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California Public Utilities Commission propose tax for solar users

The proposal also slashes the credit customers get for their solar energy sent back to the grid.

SAN DIEGO — Despite strong opposition, the California Public Utilities Commission recently announced it is again proposing a tax for solar users.

The proposal also slashes the credit customers get for their solar energy sent back to the grid. Right now, solar users pay a monthly fee to SDG&E for special programs and wear and tear on the grid, but this tax is more than that.

The CPUC’s latest solar tax proposal would tax users $300-$600 a year. In fact, the less electricity you use, the more solar tax you would pay.

Karinna Gonzalez works for a clean energy non-profit organization in San Diego. She added solar panels back in December when she heard of CPUC’s first solar tax proposal for all new solar customers.

The proposal also affects current customers. They would get the tax after 15 years.

“It's really discouraging when we're trying to do our part for the environment and get solar energy and then we're penalized for it,” said Gonzalez. “It's like charging people who air-dry their clothes instead of putting it in the dryer. It goes against every principle of conservation."

The utilities argue it fixes a cost shift where solar owners do not pay their fair share of grid maintenance costs, which are then shifted to non-solar customers. But the solar industry argues solar lowers the cost of infrastructure because rooftop solar doesn’t require expensive long distance power lines that cost so much to build and maintain.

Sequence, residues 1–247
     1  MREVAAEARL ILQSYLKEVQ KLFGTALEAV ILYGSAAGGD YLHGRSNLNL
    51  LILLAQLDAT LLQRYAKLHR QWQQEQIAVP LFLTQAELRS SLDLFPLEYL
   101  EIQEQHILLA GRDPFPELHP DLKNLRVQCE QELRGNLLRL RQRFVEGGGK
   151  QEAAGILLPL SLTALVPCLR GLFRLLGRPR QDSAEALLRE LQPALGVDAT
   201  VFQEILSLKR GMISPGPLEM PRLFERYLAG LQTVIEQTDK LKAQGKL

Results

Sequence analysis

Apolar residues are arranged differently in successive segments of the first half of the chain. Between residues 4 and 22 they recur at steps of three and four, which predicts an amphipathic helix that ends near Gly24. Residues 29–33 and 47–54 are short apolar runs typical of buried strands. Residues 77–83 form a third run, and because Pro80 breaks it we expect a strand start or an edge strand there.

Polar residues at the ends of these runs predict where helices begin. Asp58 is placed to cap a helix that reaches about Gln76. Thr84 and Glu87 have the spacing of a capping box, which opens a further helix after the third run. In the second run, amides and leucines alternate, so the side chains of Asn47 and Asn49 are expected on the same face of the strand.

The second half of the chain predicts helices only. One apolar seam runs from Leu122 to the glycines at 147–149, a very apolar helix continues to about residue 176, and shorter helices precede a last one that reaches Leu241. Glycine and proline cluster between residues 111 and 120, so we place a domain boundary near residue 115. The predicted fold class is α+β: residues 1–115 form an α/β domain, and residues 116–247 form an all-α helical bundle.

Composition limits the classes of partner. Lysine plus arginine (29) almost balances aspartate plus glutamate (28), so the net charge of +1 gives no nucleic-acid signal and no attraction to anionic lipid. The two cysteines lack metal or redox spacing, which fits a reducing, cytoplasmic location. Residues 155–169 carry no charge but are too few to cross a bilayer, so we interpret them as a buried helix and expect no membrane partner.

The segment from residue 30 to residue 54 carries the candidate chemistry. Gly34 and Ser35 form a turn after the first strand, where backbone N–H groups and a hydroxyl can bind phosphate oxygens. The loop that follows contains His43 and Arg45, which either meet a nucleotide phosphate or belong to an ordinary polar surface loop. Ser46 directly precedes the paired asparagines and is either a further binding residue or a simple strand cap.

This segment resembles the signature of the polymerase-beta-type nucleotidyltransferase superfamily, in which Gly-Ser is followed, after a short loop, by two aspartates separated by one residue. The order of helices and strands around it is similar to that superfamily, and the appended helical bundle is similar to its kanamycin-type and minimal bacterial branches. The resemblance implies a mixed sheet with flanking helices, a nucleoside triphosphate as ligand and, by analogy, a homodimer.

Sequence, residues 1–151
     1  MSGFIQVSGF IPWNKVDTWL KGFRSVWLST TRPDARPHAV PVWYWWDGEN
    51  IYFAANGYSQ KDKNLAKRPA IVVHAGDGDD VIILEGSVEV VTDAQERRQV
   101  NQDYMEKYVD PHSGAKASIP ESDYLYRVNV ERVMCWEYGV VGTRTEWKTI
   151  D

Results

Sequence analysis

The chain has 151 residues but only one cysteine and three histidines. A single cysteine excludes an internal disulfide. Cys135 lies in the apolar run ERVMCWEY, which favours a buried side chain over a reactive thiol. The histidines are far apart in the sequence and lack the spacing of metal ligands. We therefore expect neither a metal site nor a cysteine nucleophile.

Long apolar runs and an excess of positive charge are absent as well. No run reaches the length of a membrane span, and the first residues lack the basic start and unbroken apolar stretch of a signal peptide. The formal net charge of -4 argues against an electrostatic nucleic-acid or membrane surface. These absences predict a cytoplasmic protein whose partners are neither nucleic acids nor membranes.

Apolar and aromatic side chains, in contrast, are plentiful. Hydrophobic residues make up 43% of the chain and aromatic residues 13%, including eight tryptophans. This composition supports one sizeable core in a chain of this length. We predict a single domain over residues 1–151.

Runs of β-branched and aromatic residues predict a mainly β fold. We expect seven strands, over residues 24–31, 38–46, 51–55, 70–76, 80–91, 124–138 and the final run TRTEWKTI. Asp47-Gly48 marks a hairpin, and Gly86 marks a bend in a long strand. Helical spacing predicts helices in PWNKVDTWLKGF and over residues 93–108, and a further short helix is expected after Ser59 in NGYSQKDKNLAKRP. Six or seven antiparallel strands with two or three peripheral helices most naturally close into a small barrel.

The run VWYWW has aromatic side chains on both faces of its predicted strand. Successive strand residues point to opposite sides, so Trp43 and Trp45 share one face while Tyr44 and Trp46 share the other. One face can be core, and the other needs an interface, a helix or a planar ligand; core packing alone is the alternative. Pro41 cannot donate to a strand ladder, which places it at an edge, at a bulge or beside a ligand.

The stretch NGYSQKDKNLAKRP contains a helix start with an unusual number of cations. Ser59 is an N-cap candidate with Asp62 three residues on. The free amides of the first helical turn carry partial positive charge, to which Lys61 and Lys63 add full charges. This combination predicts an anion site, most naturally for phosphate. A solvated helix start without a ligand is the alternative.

By January, the CPUC took a step back and delayed its planned for indefinitely after Governor Newsom said the proposal needed to change.

But on May 9, the CPUC made a new proposal.

Critics say it’s basically the same thing. Right now, solar customers get a credit on their bills for surplus energy they put back on the grid. The proposal slashes that credit. If it doesn’t seem to make sense for customers, remember San Diego pays the highest utility rates in the nation.

“Right now, is the time when we should be expanding solar access to communities, not taking it away,” said Gonzalez. “The economics don't make sense for anybody it's going to make it extremely hard especially for working families,"

The CPUC President is Governor Newsom’s former energy advisor.

WATCH RELATED: San Diego County Taxpayers Association supports 'sunshine tax' on solar (March 2022)

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